After another interesting Japanese breakfast,

No natto

I walked over to the railway station, took one last look at the castle,

Last look at the castle

and got on the shinkansen for Osaka. Half an hour later I was there. 92km in 29 minutes, including a stop at Kobe — not quite 120mph. The shinkansen are absolutely tremendous. I will have a whole essay on them later.

At the Himeji Shinkansen

Met my former student Ayumi with no problems. Like all Japanese women she dresses like she just stepped off the cover of Glamour magazine. We took the train from Shin Osaka to plain old Osaka Osaka station and went to a nearby electronics store where I spent about $100 on games and manga. We then had lunch at a place that served the traditional Kansai cabbage and egg pancake called Okonomiyaki.

Cooked at your table.

Got back to Shin-Osaka about noon and of course I was dragging; not just hip pain but back pain and heat exhaustion as well. We picked up my backpack at the train station where they have coin lockers all over the place. They are not like the US, but they do have rules.

Forbidden articles in paragraph 5

We then headed over to the MyStays hotel, about a quarter of a mile. In typical Mario fashion, we found that my reservation was in the other hotel. I am booked into the MyStays hotel in Tokyo but here I am booked into the Shin-Osaka Station Hotel. (It just occurred to me that I missed a great opportunity to do a double-take and say, This isn’t Tokyo?) After that bit of embarrassment we turned around and walk back another half-mile to the new hotel, tucked out of the way down a side street and hidden well enough that they had to put up a sign.

Go back! You missed it!

Here it is!

The room is about the same as all the other rooms. They have free water and a little jacket and such for you to wear around the room, with a note that you should not wear it outside of the room; interesting, because in Himeji they had the same sort of thing only they encouraged you to wear it outside the room. Since I was about four sizes too large for the Japanese clothing I just wore my regular stuff.

Yet another typical Japanese travel hotel room

Towards sunset I went back over to the Shin-Osaka station for dinner. On the way out, I talked to the front desk about extending my stay four hours tomorrow, which they were glad to do — at the rate of $20 an hour. Since I was likely going to be exhausted by that time I thought it was a pretty good deal.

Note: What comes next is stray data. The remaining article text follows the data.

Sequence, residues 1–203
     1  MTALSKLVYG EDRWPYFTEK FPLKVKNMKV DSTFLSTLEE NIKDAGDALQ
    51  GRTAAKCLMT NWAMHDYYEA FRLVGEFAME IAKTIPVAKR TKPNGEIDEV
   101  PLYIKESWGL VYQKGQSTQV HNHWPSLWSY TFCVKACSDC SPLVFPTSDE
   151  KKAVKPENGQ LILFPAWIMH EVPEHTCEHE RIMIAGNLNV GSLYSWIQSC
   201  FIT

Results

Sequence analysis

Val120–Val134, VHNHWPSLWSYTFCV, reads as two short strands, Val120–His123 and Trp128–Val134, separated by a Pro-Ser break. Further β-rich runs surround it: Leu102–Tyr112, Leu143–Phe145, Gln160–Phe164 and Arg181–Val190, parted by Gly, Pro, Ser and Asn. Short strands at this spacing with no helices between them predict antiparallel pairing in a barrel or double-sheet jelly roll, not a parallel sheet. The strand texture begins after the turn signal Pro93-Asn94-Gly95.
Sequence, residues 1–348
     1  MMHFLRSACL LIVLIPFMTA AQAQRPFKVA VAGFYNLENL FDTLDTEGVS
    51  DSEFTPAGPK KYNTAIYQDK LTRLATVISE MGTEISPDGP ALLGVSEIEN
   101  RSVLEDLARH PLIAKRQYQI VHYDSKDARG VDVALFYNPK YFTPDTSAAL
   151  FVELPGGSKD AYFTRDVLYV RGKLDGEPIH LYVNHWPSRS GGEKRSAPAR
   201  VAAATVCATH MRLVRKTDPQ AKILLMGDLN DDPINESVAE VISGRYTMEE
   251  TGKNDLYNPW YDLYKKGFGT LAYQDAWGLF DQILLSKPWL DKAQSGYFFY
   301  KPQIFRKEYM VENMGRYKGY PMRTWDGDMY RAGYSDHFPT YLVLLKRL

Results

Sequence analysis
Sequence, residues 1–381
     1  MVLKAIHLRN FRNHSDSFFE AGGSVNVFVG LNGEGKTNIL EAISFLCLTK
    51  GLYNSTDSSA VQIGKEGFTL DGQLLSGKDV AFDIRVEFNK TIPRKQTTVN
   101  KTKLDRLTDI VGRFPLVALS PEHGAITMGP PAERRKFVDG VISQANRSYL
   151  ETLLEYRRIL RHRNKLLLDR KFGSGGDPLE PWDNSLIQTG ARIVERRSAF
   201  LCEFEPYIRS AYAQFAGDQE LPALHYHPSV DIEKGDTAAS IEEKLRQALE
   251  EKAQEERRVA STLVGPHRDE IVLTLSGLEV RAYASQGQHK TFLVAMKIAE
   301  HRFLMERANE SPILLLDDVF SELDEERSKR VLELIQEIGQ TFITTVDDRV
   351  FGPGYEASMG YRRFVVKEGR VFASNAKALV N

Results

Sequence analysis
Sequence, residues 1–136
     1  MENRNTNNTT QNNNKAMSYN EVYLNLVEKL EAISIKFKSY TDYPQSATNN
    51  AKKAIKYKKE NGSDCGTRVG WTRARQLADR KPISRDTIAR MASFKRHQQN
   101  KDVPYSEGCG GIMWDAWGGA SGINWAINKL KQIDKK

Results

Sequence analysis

It was still warm out — lower 80s– and humid. I ate at a nice little restaurant called Tamago to Watashi, which is Japanese for The Egg and I.

Tomago to Watashi

Their speciality was Omurice (omelet over rice) and it wasn’t bad, but not as good as the ones in the Gourmet Girls anime.

Omurice Curry

It came with a tasty custard, and a small jar of what looked like cream for the custard, but was actually ranch dressing for the salad. Consider yourself warned.

My third trip to Japan: Day 05
Up and breakfast

Fewer but bigger

then pedestrian bridge across the rail yard and onto the subway.

Oops. Not that car.

When I got off the train, Osaka Castle was still far away.

It’s a long way, but there’s a Mos Burger right behind me

It’s laid out a lot like Himeji Castle

I started in the lower right hand corner

I passed the outer moat,

Outer moat

and got as far as the inner moat before my legs, hips, and heat control system failed.

Inner moat

I had taken a Bufferin before I left, and that seemed to help, except there were a couple of long stretches of multiple steps to get up to the castle and that kind of did them in; the legs don’t want to do stairs anymore. Plus the right hip started hurting and then after a while the left hip started hurting and then the heat started. So like many invaders beforehand, I made it across the outer moat and up to the gates on the inner moat and then gave up.

The Great Gate of Osaka

It’s hard to tell from the picture (look at the angle of their ankles), but this approach ramp is really steep.

Unlike other invaders I was able to take a taxi back to downtown Osaka about noon. Napped until 2PM, which is a shame because I’m paying $20 an hour for that extension on the room. Ah, well, it gave me a chance for a late lunch

Late lunch

Off on the shinkansen, into the early dusk (the Japanese for dusk is yellow dark).

The rice grows right up to the factory fences